About a dozen years ago, Porter-Cable introduced the “world’s first” cordless router, powered by a 19.2-volt nickel-cadmium battery. The battery sat on top of the tool, which made it a bit top-heavy, but the performance seemed adequate in the few minutes that I got to play with it.
I thought then, as I do now, that a cordless router made sense. No more cord to sling over my shoulder. But the router is no longer in production.
Last month, DeWalt introduced the “world’s first” cordless 8-1/4” contractor saw and two 12” miter saws, powered by 60-volt lithium-ion batteries. Again, these tools appear to perform as well as their corded cousins. But unlike the router, I see no real need for these tools. I work in a shop with plenty of outlets. If I worked on a job site in the middle of nowhere, without power, then I’d probably be more impressed.
But the 60-volt batteries are interesting. They’re called Flex-Volt because they can run DeWalt’s 20- to 120-volt tools.
The Flex-Volt batteries have 15 four-volt cells. When used with a 20-volt tool, they run in three groups of five cells, each group running in parallel, to output 20 volts. DeWalt says the Flex-Volt batteries provide up to four times the runtime of its 20-volt Max batteries. Two battery packs are combined to run the new 120-volt miter saws.
“The impact of the Flex-Volt system will be felt throughout the construction industry on each and every job site,” says Frank Mannarino, president of DeWalt’s professional products group. “This new platform packs the power required for heavy-duty applications, makes it easy to exchange corded tools for cordless and ensures that our existing 20-volt Max users get the benefit of added runtime without making the 20-volt Max system obsolete.”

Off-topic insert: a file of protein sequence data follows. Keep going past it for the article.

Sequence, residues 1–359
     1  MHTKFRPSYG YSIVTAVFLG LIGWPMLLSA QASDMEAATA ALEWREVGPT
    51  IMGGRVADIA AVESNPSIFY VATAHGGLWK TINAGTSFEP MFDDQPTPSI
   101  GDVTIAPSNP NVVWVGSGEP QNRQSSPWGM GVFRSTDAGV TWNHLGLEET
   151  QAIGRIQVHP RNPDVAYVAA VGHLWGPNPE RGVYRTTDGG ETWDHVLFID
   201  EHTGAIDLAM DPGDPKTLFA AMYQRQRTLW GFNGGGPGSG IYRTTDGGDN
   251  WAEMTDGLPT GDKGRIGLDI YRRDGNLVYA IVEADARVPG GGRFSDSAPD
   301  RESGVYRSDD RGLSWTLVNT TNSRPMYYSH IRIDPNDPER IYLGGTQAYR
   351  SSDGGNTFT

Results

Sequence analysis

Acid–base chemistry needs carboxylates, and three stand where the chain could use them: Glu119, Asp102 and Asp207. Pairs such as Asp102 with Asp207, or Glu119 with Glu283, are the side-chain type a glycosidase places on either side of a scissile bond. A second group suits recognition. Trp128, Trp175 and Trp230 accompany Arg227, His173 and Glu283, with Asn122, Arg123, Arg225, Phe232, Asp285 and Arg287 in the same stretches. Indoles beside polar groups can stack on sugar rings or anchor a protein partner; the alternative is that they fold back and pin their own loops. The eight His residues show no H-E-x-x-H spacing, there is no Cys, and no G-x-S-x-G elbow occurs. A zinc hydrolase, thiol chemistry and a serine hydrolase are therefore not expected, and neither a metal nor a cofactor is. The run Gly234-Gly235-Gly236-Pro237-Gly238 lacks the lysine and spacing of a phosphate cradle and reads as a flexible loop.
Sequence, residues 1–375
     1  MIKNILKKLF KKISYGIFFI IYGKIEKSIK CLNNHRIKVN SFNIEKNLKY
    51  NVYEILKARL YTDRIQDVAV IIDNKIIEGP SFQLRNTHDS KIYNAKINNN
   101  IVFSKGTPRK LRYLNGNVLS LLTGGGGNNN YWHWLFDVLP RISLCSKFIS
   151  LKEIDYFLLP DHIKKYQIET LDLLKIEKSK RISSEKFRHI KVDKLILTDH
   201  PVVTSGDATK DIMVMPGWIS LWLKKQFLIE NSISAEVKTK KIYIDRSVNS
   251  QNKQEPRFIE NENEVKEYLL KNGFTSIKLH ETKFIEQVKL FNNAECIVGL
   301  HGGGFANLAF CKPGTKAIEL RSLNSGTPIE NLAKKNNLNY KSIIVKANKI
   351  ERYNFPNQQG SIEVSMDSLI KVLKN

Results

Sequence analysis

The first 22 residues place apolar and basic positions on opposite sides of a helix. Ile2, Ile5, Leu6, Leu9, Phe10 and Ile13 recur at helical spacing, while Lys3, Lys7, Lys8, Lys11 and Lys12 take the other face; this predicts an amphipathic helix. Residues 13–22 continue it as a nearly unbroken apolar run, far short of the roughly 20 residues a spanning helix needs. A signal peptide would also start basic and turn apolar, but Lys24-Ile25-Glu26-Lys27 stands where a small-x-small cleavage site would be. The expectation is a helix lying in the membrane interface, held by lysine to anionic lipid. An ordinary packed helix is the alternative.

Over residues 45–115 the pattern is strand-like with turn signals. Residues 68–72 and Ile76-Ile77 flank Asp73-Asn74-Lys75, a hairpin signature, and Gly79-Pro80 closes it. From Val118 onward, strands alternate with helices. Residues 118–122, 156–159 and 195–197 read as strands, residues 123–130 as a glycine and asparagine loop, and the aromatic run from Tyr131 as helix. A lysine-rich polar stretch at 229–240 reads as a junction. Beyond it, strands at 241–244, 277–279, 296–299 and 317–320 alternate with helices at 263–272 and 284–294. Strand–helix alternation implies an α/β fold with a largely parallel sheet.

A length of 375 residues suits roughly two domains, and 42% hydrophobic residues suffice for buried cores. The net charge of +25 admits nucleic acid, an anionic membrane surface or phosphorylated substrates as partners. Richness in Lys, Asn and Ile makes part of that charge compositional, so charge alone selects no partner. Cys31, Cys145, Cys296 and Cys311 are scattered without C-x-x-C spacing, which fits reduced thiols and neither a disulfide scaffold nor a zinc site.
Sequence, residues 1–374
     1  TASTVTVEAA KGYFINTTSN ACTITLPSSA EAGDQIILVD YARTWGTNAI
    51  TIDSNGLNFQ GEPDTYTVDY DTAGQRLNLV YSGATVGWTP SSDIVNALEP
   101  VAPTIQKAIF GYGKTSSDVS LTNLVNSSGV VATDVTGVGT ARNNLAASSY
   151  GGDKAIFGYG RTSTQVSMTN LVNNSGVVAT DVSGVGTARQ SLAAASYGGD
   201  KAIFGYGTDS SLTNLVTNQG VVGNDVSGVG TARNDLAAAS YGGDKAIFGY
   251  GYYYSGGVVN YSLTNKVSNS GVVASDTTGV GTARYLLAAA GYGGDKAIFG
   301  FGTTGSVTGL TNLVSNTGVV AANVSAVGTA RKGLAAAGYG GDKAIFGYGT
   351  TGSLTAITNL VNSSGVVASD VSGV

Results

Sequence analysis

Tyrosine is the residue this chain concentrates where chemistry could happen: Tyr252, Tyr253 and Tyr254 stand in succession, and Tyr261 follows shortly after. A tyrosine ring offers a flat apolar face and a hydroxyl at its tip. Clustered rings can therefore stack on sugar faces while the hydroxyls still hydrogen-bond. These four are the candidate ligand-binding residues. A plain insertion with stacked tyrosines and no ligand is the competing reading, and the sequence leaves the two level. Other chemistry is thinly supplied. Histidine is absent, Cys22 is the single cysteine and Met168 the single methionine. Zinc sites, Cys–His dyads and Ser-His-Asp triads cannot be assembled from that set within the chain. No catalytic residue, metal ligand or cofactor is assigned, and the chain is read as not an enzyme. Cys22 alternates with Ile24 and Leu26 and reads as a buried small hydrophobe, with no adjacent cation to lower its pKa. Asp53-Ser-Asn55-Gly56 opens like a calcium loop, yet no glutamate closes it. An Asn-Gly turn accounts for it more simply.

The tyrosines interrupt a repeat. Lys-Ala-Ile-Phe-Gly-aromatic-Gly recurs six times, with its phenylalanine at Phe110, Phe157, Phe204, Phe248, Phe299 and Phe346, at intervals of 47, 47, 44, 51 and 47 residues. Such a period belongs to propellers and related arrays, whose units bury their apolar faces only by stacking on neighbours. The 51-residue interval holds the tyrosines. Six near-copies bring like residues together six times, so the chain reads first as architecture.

Meanwhile, Milwaukee Tool introduced its “One-Key” system that links tool batteries to a phone-based app. A.J. Hamler reports:
“One-Key monitors and reports on tools equipped with the system, but adds map-based tracking capabilities and a host of other features. You can, for example, control a tool’s characteristics for specific jobs.
“Let’s say you want an impact driver to have a specific torque and speed for a job featuring hundreds of similar driving tasks — such as a deck — just call it up on the app and set what you want. Now, start driving deck screws. The driver uses the ramp-up speed you set, drives at the speed you want and cuts out automatically at the exact moment the correct torque tells it the screw is set flush while you’re still holding the trigger. Load up another screw, press it to the work, and it powers up and repeats the process as many times as you want.
“This is just the tip of the iceberg. You can tell a One-Key-equipped reciprocating saw how to cut to maximize battery life and minimize heat buildup. Instruct a job-site light how bright you want it, how long to shine and when to turn off. Can’t find a tool? Call it up on the app and see who it was assigned to and then find it on a map.”
What will they think of next?
This article originally appeared in the August 2016 issue.